While Romans 8 does not mention wilderness explicitly, Paul’s assertion that both creation and humankind groan as they await redemption captures well the fundamental sense of wilderness as a place of struggle, alienation, suffering, and despair. Paul’s thought here presupposes the Genesis stories of the fall, which result in the foundational rupture of relationships between God, humankind, and the earth, casting not only humans but the rest of creation into a perpetual state of alienation and wilderness.

The most striking thing about the passage for modern readers is the clear sense that God intends the redemption not only of humans, but also of the whole creation. The redemption of each is tied inextricably to the other. Adam’s vocation was to serve and care for the garden (Genesis 2:5, 15). Can it be that the calling of the children of God (lit., “sons of God,” as Adam, Israel, and Jesus are each designated) is to reclaim this vocation, to serve God in turning the wilderness to garden?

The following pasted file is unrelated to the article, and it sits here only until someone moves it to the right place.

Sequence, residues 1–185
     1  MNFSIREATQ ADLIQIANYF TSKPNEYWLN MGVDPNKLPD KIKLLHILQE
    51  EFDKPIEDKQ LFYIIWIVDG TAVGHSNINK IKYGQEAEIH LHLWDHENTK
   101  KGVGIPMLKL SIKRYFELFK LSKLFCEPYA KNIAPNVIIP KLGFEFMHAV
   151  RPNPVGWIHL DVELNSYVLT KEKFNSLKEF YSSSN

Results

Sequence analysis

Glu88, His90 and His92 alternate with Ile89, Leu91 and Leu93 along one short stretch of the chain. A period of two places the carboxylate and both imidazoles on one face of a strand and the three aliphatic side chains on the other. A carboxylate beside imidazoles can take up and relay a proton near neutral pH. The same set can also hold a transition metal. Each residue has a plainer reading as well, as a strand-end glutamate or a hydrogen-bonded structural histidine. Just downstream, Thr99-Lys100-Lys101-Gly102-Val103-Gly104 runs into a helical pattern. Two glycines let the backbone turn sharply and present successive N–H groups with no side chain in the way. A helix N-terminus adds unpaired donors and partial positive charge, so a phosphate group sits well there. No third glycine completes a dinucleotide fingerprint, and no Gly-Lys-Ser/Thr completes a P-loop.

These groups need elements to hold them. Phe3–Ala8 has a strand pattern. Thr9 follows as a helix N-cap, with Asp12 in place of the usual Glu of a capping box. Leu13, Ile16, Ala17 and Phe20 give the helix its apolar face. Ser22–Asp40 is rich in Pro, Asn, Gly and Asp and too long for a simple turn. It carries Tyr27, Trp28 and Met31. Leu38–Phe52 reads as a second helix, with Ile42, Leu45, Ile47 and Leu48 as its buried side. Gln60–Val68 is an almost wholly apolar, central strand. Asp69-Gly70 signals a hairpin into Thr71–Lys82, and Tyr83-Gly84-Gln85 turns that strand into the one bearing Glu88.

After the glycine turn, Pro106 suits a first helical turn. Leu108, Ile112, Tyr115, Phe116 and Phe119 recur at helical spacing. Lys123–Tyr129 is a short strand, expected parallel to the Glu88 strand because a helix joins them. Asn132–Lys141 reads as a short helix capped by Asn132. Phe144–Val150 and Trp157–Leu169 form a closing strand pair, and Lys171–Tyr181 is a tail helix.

In the Gospel lessons, the wilderness is again an ambivalent mix of threat and hope. It is, first, the location where John is baptizing. John’s ministry is an embodied challenge and alternative to the assumption that God and salvation are to be found in Jerusalem and the temple. Instead, God’s people must come out from the coercive commerce and false securities of the city and once again go into the wilderness to find redemption.

This is true even for Jesus, who, immediately after his baptism, is led (Matthew 4:1, cf. Mark 1:12 “driven”) by the Spirit into the wilderness to retake the tests Israel had struggled with on their long trek to the promised land and repeatedly thereafter. At Jesus’ baptism a door opens between heaven and earth. In the wilderness Jesus begins his conquest of the forces that have kept heaven and earth from being together as God intended.

Apparently God’s people cannot and should not avoid the wilderness. Whether geological, climatic, or spiritual, the wilderness is where God can be found most powerfully, as both judge and redeemer. It is where the reconciliation of earth and heaven begins.


Notes:

1 Bill McKibben, Eaarth: Making Life on a Tough New Planet. New York: St Martin’s Griffin, 2011.